"You forget," his friend said, "that though I know, thank heaven, a good deal of you, I know very little of either of those girls. I have had too little evidence."
"Yes, but you are a man who notices. That's why I wanted you to come."
"I spoke only to Miss Evers."
"Yes, "I know you have never spoken to Miss Vivian." Gordon Wright stood looking at Bernard and urging his point as he pronounced these words. Bernard felt peculiarly conscious of his gaze. The words represented an illusion, and Longueville asked himself quickly whether it were not his duty to dispel it. The answer came more slowly than the question, but still it came, in the shape of a negative. The illusion was but a trifling one, and it was not for him, after all, to let his friend know that he had already met Miss Vivian. It was for the young girl herself, and since she had not done so—although she had the opportunity—Longueville said to himself that he was bound in honour not to speak. These reflexions were very soon made, but in the midst of them our young man, thanks to a great agility of mind, found time to observe, tacitly, that it was odd, just there, to see his "honour" thrusting in its nose. Miss Vivian, in her own good time, would doubtless mention to Gordon the little incident of Siena. It was Bernard's fancy, for a moment, that he already knew it, and that the remark he had just uttered had an ironical accent; but this impression was completely dissipated by the tone in which he added—"All the same, you noticed her."
"Oh, yes; she is very noticeable."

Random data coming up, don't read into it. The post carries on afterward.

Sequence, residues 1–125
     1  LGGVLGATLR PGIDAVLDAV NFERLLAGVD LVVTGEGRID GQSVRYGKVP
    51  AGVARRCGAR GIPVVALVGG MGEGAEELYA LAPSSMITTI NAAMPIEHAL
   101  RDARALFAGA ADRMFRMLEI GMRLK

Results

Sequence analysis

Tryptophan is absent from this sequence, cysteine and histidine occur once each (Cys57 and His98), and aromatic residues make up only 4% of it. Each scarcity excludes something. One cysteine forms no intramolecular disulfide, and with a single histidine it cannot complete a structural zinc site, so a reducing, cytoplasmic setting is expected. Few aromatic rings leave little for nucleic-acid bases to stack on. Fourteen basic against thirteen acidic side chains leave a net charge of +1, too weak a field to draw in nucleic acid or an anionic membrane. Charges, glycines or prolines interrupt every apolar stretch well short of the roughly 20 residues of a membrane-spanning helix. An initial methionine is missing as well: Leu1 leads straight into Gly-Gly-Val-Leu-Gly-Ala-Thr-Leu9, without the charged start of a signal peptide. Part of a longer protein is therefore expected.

"Well, then," said Gordon, "you will see. I should like you to make it out. Of course, if I am really giving my attention to one to the exclusion of the other, it will be easy to discover."
Longueville was half amused, half irritated, by his friend's own relish of his little puzzle. "'The exclusion of the other' has an awkward sound," he answered, as they walked on. "Am I to notice that you are very rude to one of the young ladies?"
"Oh dear, no. Do you think there is a danger of that?"
"Well," said Longueville, "I have already guessed."
Gordon Wright remonstrated. "Don't guess yet—wait a few days. I won't tell you now."
"Let us see if he doesn't tell me," said Bernard privately. And he meditated a moment. "When I presented myself you were sitting very close to Miss Evers, and talking very earnestly. Your head was bent towards her—it was very lover-like. Decidedly, Miss Evers is the object!"
For a single instant Gordon Wright hesitated, and then—"I hope I haven't seemed rude to Miss Vivian!" he exclaimed.
Bernard broke into a light laugh. "My dear Gordon, you are very much in love!" he remarked, as they arrived at their hotel.